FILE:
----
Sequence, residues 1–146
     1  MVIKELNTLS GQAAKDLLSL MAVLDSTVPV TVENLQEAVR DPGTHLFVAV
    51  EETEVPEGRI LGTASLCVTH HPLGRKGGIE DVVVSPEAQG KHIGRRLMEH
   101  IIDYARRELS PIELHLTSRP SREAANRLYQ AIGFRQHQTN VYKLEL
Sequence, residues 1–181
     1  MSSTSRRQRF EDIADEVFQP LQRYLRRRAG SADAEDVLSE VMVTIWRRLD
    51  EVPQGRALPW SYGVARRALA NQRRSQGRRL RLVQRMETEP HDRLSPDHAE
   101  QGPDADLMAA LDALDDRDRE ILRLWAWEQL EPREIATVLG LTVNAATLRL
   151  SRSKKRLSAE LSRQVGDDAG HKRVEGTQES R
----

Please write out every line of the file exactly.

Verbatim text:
Sequence, residues 1–146
     1  MVIKELNTLS GQAAKDLLSL MAVLDSTVPV TVENLQEAVR DPGTHLFVAV
    51  EETEVPEGRI LGTASLCVTH HPLGRKGGIE DVVVSPEAQG KHIGRRLMEH
   101  IIDYARRELS PIELHLTSRP SREAANRLYQ AIGFRQHQTN VYKLEL
Sequence, residues 1–181
     1  MSSTSRRQRF EDIADEVFQP LQRYLRRRAG SADAEDVLSE VMVTIWRRLD
    51  EVPQGRALPW SYGVARRALA NQRRSQGRRL RLVQRMETEP HDRLSPDHAE
   101  QGPDADLMAA LDALDDRDRE ILRLWAWEQL EPREIATVLG LTVNAATLRL
   151  SRSKKRLSAE LSRQVGDDAG HKRVEGTQES R